Cincinnati, OH: U.S. Department of Health, Education, and Welfare, Public Health Service, Centers for Disease Control, National Institute for Occupational Safety and Health, DHEW (NIOSH) Publication No. 76-183, 1976 Jul; :1-210
A listing was compiled by NIOSH of all lasers presently in use and their hazard classification according to the scheme to be proposed by OSHA. Through an Interagency Agreement with the United States Army Environmental Hygiene Agency (USAEHA) the following objectives were attempted: to gather technical specifications on all lasers currently in use from the manufacturers' data sheets; to classify the laser from the manufacturers' specifications; and to confirm the manufacturers' data by measuring a small sample of lasers and cross checking the calibration of the manufacturers' instrumentation. Contained in this compilation was the resulting computerized list of almost 2500 models available from over 175 manufacturers and distributors in the laser safety field. It was possible to classify most lasers using the manufacturers' specifications if the user had not modified the laser. The many helium/neon lasers specified as 1.0 milliwatt output power were placed in Class-IIIa, since these lasers originally had an output power exceeding 1.0 milliwatt at the time of manufacture. It was noted that the user of the list should check the specifications available in the manual supplied with the particular laser against the parameters listed in the computer printout.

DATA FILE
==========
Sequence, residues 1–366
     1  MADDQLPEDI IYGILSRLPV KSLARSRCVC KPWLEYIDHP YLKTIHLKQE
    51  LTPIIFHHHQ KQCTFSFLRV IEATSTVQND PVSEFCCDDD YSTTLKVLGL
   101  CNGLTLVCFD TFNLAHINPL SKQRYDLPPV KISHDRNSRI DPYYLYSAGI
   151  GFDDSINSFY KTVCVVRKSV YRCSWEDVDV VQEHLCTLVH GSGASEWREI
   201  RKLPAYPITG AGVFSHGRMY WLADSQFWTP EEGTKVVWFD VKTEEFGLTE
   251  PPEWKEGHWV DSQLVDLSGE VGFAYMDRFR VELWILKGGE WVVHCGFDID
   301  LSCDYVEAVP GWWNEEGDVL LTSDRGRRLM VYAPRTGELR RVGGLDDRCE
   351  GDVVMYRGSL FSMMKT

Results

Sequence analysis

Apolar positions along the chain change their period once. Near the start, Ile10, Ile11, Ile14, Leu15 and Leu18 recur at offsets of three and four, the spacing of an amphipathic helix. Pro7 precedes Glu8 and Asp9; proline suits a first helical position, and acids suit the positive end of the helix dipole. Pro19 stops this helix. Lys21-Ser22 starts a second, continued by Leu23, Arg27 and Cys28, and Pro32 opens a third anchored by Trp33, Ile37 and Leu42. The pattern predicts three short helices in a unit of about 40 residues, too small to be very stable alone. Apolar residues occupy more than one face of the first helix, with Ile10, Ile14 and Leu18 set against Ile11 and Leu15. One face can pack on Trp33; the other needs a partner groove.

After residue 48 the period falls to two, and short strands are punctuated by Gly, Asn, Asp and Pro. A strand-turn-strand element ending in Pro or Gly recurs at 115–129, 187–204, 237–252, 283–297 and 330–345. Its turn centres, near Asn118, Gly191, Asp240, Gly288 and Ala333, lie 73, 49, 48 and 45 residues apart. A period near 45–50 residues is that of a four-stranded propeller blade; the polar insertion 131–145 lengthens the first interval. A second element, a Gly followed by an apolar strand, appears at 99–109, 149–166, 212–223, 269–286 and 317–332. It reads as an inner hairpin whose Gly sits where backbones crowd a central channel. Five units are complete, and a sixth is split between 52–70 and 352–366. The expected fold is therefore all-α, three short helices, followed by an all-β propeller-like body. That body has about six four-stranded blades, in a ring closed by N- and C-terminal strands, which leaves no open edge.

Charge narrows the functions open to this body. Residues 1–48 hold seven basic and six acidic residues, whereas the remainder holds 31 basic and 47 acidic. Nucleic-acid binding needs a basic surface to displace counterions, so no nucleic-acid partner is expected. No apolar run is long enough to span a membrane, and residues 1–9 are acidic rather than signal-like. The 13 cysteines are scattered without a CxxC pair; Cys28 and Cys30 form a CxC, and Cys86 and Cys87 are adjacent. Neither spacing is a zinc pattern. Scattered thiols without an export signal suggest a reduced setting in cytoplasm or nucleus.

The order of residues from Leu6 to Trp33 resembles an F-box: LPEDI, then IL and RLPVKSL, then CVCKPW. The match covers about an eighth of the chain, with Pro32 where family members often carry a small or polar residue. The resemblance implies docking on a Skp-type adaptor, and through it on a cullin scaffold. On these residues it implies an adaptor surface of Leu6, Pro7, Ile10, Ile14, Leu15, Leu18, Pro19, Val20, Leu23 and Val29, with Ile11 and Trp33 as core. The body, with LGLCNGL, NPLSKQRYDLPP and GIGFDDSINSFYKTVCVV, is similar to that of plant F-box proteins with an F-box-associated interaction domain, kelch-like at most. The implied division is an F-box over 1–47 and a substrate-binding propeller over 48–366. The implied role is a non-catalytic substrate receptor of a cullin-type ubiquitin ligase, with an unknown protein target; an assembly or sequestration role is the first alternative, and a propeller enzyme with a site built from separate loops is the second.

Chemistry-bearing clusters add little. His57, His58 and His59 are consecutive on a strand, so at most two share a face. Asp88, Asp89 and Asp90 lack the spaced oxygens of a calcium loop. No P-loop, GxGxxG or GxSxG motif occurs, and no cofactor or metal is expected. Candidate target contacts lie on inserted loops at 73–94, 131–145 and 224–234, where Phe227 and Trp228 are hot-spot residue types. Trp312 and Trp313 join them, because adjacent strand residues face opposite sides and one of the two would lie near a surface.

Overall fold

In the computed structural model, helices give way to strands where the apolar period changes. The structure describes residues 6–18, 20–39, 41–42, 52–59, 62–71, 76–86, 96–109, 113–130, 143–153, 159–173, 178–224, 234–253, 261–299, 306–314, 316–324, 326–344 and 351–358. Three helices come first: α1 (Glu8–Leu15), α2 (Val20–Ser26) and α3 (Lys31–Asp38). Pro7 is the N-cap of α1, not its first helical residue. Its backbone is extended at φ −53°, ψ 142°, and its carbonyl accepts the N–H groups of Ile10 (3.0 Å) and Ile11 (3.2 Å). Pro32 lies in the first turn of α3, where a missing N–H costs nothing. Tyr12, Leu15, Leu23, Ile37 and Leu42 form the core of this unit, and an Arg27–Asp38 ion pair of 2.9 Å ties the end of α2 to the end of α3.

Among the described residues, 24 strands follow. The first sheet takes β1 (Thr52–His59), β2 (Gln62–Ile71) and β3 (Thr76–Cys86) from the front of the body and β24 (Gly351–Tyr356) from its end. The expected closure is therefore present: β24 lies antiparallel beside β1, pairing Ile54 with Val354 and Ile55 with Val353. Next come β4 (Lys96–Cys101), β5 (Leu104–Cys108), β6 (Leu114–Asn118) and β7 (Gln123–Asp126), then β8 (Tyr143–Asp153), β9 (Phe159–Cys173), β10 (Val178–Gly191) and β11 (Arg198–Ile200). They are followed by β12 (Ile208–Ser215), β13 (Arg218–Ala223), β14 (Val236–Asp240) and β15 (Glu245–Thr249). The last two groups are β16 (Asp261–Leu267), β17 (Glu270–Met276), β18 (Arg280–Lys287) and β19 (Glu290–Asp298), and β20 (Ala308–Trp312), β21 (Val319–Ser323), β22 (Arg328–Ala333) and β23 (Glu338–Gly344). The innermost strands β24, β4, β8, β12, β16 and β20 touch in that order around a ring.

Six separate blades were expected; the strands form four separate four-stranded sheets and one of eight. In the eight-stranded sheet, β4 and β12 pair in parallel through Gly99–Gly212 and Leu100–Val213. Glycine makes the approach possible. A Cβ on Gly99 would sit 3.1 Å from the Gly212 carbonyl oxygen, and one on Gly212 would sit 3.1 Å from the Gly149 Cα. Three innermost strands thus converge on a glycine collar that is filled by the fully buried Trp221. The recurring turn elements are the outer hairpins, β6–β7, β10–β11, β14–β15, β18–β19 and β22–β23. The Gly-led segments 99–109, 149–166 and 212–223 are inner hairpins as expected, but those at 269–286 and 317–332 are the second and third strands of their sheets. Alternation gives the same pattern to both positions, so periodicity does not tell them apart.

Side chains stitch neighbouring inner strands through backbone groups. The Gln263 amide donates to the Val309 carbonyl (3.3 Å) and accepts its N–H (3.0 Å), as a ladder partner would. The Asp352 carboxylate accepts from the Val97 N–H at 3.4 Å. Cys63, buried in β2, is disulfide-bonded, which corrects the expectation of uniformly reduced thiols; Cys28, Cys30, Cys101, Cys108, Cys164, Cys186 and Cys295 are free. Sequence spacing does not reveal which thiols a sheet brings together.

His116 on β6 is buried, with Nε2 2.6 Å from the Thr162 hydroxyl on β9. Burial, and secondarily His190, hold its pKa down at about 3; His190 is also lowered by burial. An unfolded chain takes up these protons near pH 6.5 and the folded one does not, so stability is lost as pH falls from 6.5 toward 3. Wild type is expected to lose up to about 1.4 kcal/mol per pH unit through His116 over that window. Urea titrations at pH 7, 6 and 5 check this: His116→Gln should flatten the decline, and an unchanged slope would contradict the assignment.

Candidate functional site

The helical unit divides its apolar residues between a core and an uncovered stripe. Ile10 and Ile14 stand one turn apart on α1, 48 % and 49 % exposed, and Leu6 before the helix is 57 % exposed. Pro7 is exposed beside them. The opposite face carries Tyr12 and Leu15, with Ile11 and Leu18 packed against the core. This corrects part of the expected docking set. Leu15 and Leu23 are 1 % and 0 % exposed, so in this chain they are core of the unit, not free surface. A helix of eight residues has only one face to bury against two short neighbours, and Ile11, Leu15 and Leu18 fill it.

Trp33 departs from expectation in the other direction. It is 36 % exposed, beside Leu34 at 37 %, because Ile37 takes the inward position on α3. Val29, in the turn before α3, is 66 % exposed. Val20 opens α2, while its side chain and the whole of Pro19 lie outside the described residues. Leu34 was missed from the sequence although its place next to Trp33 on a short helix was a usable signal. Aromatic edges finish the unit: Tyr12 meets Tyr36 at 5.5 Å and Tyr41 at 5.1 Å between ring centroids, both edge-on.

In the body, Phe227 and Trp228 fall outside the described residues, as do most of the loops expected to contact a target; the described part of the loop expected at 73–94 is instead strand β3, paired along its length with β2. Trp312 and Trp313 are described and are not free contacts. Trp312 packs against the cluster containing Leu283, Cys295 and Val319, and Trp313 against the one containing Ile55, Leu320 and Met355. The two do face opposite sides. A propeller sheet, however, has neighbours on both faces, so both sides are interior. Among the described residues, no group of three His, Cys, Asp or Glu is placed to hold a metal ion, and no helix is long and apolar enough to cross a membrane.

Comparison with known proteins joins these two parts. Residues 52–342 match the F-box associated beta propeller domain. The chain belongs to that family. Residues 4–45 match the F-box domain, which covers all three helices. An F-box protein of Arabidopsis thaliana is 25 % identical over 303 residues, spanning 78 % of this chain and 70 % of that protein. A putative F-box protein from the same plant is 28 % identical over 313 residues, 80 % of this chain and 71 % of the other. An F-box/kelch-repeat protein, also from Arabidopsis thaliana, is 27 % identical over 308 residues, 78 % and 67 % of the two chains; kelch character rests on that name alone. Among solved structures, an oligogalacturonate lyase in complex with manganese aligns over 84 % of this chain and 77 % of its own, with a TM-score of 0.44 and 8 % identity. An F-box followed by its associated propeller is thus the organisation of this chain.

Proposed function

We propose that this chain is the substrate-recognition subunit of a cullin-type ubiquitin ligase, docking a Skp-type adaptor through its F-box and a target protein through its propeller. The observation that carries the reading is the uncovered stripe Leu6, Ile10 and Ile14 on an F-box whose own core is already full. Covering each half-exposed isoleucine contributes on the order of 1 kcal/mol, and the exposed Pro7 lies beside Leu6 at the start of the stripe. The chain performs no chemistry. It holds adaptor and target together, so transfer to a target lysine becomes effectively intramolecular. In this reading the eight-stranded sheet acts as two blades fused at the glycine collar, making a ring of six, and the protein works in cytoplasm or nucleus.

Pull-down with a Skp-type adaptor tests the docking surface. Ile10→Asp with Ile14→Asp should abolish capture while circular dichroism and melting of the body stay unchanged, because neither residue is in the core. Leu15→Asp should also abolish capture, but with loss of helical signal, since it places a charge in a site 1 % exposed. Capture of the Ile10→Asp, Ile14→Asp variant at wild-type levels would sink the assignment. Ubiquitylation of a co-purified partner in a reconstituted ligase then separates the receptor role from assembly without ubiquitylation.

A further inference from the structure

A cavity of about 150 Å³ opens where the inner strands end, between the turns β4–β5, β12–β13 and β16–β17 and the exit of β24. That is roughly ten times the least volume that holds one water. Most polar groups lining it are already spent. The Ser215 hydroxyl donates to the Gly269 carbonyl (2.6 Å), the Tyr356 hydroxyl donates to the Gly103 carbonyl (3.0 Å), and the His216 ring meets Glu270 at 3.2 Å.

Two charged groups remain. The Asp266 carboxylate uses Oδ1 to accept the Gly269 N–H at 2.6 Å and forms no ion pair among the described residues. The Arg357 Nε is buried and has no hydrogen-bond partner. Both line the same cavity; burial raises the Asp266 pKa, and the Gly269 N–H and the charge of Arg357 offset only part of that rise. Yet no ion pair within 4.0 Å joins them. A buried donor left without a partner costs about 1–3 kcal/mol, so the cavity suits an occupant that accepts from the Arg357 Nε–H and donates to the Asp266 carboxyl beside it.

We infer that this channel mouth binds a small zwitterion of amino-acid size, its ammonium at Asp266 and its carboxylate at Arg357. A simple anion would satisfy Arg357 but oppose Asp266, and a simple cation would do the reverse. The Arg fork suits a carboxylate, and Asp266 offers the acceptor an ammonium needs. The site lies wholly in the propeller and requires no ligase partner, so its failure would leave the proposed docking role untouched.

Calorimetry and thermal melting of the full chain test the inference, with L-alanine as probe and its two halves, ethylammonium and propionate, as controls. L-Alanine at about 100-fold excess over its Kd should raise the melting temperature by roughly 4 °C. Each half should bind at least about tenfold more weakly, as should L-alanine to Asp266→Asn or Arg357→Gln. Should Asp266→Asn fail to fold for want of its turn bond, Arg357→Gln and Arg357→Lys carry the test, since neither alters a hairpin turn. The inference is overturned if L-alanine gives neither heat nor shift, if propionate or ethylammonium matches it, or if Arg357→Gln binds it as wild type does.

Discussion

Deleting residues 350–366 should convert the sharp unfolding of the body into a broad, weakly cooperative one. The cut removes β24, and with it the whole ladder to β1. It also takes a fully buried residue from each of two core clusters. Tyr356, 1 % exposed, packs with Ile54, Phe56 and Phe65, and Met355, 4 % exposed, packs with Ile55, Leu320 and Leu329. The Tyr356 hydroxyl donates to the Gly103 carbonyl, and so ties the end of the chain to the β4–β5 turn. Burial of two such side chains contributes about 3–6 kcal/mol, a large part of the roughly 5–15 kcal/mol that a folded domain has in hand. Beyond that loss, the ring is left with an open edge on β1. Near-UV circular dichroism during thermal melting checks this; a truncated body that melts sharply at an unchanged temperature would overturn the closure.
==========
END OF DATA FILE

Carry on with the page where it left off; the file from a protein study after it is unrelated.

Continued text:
We take your privacy seriously. You can review and change the way we collect information below.
These cookies allow us to count visits and traffic sources so we can measure and improve the performance of our site. They help us to know which pages are the most and least popular and see how visitors move around the site. All information these cookies collect is aggregated and therefore anonymous. If you do not allow these cookies we will not know when you have visited our site, and will not be able to monitor its performance.
Cookies used to make website functionality more relevant to you. These cookies perform functions like remembering presentation options or choices and, in some cases, delivery of web content that based on self-identified area of interests.
Cookies used to track the effectiveness of CDC public health campaigns through clickthrough data.
Cookies used to enable you to share pages and content that you find interesting on CDC.gov through third party social networking and other websites. These cookies may also be used for advertising purposes by these third parties.